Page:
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Simon Targets Davis' Energy Plan

The GOP candidate vows to provide more protection for consumers if elected. Incumbent cites his rival's Enron ties.

October 18, 2002|Matea Gold | Times Staff Writer

SAN DIEGO -- Returning to an argument he has made throughout his gubernatorial campaign, Republican Bill Simon Jr. on Thursday charged Gov. Gray Davis with failing to respond quickly to the state's power crisis, and promised that if elected he would better protect consumers. The GOP candidate said that despite the state's struggle to keep the lights on during the summer of 2001, Davis still does not have a long-term plan to solve California's chronic power shortages.

"Maybe one round of blackouts isn't enough to compel Mr. Davis to put forward any proposal to end the energy crisis," Simon told a friendly audience of several hundred members of the San Diego Rotary Club at a downtown hotel. "By ignoring the early signs of power shortages, Davis left us vulnerable to manipulation," Simon added. "By taking hundreds of thousands of dollars from Enron and other energy companies, he has tainted his decisions with the air of corruption."

In a telephone interview, Davis disputed Simon's contentions, saying that he has not taken any money from Enron in more than two years. The governor said he acted quickly when the power crunch hit by protecting consumers from a 400% price increase and getting the federal government to impose price caps, adding that he has worked to get new power plants on line.

"He has no basis to talk," the governor said, citing Simon's onetime participation on the board of Hanover Compressor, a Houston-based gas industry supplier that was later tied to Enron.

"He was a partner of Enron," Davis said. "When I was calling Enron to account for misleading us and overpricing electricity, he was saying, 'Let's give Enron a chance.' "

Simon spokesman Mark Miner said the GOP candidate never worked with Enron. "To say that he was affiliated with Enron is a complete lie," Miner said. "He should apologize."

Simon's jabs at Davis' performance during the energy crisis came as the governor's race heads into its final stretch. Despite having stumbled several times since the Republican primary, Simon said Thursday that he remains confident of victory.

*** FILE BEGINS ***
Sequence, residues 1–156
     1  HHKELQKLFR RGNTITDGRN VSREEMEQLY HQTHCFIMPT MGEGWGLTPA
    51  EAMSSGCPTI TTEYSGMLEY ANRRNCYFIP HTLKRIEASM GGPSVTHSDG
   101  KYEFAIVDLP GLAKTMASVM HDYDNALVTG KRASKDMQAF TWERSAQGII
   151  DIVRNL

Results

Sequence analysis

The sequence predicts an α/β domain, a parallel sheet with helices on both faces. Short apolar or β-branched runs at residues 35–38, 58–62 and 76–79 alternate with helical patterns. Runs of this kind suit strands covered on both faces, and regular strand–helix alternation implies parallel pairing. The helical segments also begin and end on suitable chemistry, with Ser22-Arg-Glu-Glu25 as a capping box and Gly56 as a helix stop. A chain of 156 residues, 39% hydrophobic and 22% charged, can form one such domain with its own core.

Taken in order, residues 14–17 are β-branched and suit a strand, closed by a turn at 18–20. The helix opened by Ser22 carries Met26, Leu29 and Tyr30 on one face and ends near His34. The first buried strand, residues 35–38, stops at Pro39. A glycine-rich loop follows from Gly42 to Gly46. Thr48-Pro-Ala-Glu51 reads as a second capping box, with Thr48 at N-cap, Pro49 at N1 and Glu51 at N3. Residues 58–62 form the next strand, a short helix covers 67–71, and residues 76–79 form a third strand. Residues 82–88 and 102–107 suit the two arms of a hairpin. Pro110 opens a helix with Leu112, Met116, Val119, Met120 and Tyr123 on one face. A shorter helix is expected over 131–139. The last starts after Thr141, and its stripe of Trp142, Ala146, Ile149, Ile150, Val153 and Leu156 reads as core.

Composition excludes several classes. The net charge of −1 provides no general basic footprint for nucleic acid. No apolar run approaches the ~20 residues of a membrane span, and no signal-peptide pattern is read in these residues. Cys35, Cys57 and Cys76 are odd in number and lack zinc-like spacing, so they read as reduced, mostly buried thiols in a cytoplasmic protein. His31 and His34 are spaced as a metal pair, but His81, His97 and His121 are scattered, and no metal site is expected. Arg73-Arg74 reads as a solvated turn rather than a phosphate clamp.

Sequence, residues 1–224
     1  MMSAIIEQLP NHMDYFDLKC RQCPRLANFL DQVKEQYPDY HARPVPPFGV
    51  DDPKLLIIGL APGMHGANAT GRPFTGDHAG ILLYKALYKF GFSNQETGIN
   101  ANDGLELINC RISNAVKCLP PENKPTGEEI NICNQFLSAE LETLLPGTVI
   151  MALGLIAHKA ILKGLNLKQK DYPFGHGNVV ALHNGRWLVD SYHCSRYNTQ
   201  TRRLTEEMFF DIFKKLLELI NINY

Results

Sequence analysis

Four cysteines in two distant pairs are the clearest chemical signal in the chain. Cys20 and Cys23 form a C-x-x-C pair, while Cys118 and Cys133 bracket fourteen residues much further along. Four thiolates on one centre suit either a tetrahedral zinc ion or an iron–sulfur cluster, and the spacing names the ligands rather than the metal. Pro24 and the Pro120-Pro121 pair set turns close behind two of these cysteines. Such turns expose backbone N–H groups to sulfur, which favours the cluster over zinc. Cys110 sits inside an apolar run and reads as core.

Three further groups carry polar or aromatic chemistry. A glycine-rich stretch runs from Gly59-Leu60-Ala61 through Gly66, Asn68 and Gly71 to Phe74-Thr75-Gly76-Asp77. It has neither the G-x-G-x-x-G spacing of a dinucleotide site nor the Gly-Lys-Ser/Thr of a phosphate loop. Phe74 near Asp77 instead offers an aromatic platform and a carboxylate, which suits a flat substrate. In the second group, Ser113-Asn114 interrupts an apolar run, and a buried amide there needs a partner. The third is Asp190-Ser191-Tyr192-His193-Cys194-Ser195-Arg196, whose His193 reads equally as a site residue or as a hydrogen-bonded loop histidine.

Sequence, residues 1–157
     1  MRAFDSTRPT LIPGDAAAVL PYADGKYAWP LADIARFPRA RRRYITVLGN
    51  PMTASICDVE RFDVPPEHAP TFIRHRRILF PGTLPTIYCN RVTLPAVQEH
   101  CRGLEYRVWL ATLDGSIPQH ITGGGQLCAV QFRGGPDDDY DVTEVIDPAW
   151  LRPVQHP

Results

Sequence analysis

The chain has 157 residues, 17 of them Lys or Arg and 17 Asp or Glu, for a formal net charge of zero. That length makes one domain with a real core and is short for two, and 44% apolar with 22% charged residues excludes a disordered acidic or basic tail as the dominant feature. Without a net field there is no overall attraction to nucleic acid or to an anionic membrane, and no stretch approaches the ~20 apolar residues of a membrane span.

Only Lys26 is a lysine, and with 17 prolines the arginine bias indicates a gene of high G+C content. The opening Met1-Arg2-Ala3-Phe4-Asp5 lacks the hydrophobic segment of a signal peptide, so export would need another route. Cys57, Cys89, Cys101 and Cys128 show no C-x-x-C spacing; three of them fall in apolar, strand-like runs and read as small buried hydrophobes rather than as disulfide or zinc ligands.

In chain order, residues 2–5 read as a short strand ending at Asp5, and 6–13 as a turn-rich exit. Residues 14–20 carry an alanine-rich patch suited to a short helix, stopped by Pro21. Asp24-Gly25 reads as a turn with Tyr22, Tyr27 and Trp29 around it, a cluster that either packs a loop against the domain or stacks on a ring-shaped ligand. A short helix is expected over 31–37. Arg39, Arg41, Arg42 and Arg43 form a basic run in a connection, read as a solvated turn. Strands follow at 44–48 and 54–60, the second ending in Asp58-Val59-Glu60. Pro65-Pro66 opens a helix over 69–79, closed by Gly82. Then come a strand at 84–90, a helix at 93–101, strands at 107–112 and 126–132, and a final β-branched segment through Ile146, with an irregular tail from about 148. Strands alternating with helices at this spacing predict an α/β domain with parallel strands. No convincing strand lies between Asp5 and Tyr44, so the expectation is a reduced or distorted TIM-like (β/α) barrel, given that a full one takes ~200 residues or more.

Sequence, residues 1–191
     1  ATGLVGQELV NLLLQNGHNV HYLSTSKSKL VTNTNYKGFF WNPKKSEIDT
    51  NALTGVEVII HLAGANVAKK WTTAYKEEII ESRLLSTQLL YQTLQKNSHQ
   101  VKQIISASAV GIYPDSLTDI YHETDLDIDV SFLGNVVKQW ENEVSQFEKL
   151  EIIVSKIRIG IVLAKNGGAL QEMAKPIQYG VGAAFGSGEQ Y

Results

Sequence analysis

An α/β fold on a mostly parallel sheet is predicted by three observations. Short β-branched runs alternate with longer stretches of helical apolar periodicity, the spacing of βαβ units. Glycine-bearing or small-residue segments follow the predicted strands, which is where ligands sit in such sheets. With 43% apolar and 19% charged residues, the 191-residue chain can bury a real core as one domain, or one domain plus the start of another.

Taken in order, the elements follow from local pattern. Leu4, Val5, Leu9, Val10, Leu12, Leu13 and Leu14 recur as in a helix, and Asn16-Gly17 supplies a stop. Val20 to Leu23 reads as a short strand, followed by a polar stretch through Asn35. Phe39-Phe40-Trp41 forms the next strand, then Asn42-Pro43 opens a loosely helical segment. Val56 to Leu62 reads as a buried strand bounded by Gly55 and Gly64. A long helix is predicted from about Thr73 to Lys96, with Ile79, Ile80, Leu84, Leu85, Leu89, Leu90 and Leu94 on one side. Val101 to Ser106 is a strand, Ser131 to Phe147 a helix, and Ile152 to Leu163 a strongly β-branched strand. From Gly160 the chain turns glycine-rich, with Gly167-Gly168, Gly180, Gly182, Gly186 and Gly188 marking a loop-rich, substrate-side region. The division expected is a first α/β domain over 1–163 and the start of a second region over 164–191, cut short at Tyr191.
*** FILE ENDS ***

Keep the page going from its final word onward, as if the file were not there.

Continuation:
"Even when you're the underdog, as Winston Churchill said, you must never, never, never give up," he told the Rotary Club. "That's why I believe that we're going to win in November, because I can feel the surge, I can feel the momentum." Speaking with reporters after his speech, Simon said Davis' decision Wednesday to replace all his negative television commercials with positive ads signals the governor's anxiety about motivating Democratic voters.

"To me, it's an indicator that he needs to go back to his base and shore up his support," the GOP candidate said. "It's an indicator that he needs to get his own numbers up."

Davis campaign officials, however, said that they have turned to upbeat ads because they are confident that Simon cannot make up the ground he needs to defeat the governor.

During his address, Simon told the audience that Davis panicked during the energy crisis "and basically turned it into a catastrophe." Now, he said, the state is locked into expensive long-term power contracts.

The Republican nominee said that if elected, he will work to get the state out of the power-buying business altogether.

Simon said he would consolidate the state agencies and regulations that govern power plants to encourage the construction of more plants. He said he supports incentives for power carriers to expand their transmission capacity. In addition, Simon said he would promote conservation and the use of alternative energy sources. The candidate read from a letter he received recently from an elderly woman who complained that her electric bills increased by 300% in one month.

"Something is dreadfully wrong and we need a fighter in our corner," she wrote. "I am here to tell you and that nice lady that I am in your corner," Simon said. "I will fight on behalf of honest solutions and fight to bring the price of electricity down so our people don't have to make a choice between paying their electricity bills and paying their mortgage."

Davis said he has made large strides in increasing the supply of electricity through the construction of six power plants. And by invoking emergency powers, Davis said, he has slashed the amount of time it takes to get emergency plants on line from a year to 21 days. Simon's "solution to the energy crisis is for more deregulation," Davis said. "He's totally tone-deaf. The only way we got a handle on this was by re-regulating."

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